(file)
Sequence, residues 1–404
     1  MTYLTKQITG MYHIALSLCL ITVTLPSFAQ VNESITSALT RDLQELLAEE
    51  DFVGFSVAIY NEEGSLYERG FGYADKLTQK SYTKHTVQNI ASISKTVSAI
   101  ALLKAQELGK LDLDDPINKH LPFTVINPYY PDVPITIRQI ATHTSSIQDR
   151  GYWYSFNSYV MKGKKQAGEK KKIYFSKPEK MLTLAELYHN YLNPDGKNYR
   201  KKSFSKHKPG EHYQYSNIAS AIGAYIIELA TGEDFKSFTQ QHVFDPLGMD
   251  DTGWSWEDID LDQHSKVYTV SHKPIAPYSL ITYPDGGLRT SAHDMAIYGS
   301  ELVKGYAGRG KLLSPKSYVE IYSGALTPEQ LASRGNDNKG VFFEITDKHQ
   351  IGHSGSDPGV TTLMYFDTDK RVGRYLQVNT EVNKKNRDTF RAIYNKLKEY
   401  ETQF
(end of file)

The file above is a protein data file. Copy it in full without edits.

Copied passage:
Sequence, residues 1–404
     1  MTYLTKQITG MYHIALSLCL ITVTLPSFAQ VNESITSALT RDLQELLAEE
    51  DFVGFSVAIY NEEGSLYERG FGYADKLTQK SYTKHTVQNI ASISKTVSAI
   101  ALLKAQELGK LDLDDPINKH LPFTVINPYY PDVPITIRQI ATHTSSIQDR
   151  GYWYSFNSYV MKGKKQAGEK KKIYFSKPEK MLTLAELYHN YLNPDGKNYR
   201  KKSFSKHKPG EHYQYSNIAS AIGAYIIELA TGEDFKSFTQ QHVFDPLGMD
   251  DTGWSWEDID LDQHSKVYTV SHKPIAPYSL ITYPDGGLRT SAHDMAIYGS
   301  ELVKGYAGRG KLLSPKSYVE IYSGALTPEQ LASRGNDNKG VFFEITDKHQ
   351  IGHSGSDPGV TTLMYFDTDK RVGRYLQVNT EVNKKNRDTF RAIYNKLKEY
   401  ETQF